If Romney's Going to Ship Auto Jobs to China, Some of Those Jobs Will Be Texas'
Do you have to be from Michigan to get what Mitt Romney's really all about? He repeats that stand-up-to-China line over and over again on the campaign trail to make himself look tough, but meanwhile Bain Capital, his own company, makes hundreds of millions in profits buying up American car-parts companies, shutting down their American plants and shipping all the work to China.
How tough is this for us here in Dallas/Fort Worth to figure out? Is it because we don't care about car parts here? Think again.
According to a recent report from the office of Texas Gov. Rick Perry, we here in Dallas/Fort Worth are living in the Little Detroit of Texas. Between GM, International and Peterbilt, we've got more car/truck manufacturing going on here than any other place in Texas. And Texas, by the way, is the sixth largest automotive manufacturing state in the nation.
What makes us think our own jobs won't all go straight to China when the Washington GOP machine gets its mitts on the nation's political machinery? You can blab all you want about the new globally interdependent economy and the need to be competitive: that's theory. People's jobs are food on the table, roof over the head, baby needs new shoes. That's different.
And by the way, that's why the Chinese pour billions into subsidies to their own auto industry in the form of free research, free land and other subsidies in violation of all our trade agreements, as a story in today's New York Times reports. China helps its own industries, while companies like Bain put the knife in the backs of ours.
You know how Romney has that habit of saying one thing on the campaign trail and another when he's in a room full of rich people? Out on the hustings he says he will beat up on that big bad China, but the Times dug up a quote from back when he was still running Bain.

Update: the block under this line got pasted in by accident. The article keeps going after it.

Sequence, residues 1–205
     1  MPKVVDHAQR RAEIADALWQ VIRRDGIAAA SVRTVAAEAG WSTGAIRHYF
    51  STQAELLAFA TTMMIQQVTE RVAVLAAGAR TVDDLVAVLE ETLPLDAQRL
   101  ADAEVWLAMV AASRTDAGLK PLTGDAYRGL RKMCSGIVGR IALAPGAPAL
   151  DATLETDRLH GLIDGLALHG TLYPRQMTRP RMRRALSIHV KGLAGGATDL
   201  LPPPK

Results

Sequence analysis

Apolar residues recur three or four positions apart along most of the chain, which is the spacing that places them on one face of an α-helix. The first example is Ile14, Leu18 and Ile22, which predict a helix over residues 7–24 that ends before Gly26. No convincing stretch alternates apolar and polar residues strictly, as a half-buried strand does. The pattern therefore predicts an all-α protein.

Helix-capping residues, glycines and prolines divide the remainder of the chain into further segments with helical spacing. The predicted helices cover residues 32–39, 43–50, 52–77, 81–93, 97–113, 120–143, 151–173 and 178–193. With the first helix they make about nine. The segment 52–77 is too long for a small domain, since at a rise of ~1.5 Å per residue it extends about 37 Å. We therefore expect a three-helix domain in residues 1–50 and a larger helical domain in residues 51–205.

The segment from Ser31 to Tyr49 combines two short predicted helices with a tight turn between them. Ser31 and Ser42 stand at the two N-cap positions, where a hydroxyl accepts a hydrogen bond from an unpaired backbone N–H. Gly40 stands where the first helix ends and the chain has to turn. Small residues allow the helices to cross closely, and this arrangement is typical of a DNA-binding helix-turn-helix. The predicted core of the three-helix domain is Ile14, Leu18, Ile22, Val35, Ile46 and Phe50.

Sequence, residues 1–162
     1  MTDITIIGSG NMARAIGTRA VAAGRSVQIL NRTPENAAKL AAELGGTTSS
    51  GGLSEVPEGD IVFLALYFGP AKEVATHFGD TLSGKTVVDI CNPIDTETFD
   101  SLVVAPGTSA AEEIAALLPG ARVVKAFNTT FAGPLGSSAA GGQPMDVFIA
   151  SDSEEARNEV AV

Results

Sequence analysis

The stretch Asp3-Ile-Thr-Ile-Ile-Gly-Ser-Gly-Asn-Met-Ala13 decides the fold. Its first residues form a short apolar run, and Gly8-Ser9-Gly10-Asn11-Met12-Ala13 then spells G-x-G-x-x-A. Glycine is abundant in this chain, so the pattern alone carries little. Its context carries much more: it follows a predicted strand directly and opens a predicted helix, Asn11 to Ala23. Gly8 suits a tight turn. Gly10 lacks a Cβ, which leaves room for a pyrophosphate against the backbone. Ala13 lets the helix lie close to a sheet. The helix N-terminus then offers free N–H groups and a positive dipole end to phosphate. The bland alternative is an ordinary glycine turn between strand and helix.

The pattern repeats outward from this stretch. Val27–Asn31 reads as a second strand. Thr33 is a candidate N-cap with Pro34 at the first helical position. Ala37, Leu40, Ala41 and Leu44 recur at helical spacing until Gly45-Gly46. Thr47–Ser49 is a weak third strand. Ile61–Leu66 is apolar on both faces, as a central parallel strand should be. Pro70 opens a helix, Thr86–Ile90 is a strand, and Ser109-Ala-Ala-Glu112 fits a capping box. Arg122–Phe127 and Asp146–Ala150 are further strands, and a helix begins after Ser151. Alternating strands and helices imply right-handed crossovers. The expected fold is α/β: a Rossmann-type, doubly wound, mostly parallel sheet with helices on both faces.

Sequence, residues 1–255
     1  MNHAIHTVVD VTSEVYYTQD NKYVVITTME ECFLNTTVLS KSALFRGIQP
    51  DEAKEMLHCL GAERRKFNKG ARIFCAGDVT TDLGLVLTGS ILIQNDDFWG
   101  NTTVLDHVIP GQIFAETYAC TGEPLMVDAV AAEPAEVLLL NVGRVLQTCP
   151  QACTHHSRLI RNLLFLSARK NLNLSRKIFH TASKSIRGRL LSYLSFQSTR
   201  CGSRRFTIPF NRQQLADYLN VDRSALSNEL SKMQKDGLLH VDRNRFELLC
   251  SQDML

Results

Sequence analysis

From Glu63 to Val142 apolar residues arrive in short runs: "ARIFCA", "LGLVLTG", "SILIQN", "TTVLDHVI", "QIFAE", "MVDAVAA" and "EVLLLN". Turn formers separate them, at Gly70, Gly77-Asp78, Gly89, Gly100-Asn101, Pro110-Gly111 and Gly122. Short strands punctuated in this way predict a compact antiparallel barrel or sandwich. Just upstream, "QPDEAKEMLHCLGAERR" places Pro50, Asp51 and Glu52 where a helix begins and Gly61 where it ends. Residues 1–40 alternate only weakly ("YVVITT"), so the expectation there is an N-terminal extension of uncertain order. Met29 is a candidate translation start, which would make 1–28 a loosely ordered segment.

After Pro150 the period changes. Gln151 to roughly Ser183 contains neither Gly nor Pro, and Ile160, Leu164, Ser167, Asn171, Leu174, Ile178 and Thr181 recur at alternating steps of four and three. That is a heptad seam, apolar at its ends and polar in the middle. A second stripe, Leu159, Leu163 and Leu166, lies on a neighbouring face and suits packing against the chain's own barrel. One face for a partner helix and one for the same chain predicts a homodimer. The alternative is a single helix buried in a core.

Romney told a room full of bankers why China was so great. He said he had recently visited a factory in China where 5,000 workers were, quote, "working, working, working, as hard as they could, at rates of roughly 50 cents an hour."
Well, let's see here: in order to be competitive and globally interdependent here in Dallas, how many auto workers would have to take a cut in pay down to fifty cents an hour? We could get halfway there if everybody at GM Arlington, hourly and salaried, took a cut to half a buck. That's 2,500 people, according to the governor's report. Then we'd still need everybody at Peterbilt for the other 2,500.
But would that even do it? Even if we agreed to accept fifty cents an hour - a wage of twenty dollars a week - would that be enough to keep the Romney Bain Trust from shipping all our jobs to China? I have my doubts.
I keep looking at the phrase in what the real Romney had to say when he was talking to his banker brothers. "Working working working at rates of roughly 50 cents an hour." Wow, isn't that a pretty picture?
Do you get the same image I do when I read that? Working working working. I see people bent over their tasks scared shitless about getting fired, choking back hunger, worrying all day long about babies at home, no coal and and rain through the roof. I guess that's what some people call morale.
Look, we all know the world is much more globally interdependent than it used to be. We get that we have to be more competitive than we were in the fat years after World War II. That's kind of ancient history by now.
But in seeking solutions, what's your starting line? If you start out painting half the nation as slouches and painting yourself as the exact opposite of what you really are, what should we expect from you next?
This isn't about Detroit. It's about us. There's such a thing as our own self-interest here, and when we look at Romney - the real Romney - it's not even in the picture. In fact the real picture is downright scary.
Get the This Week's Top Stories Newsletter
Every week we collect the latest news, music and arts stories — along with film and food reviews and the best things to do this week — so that you'll never miss Observer's biggest stories.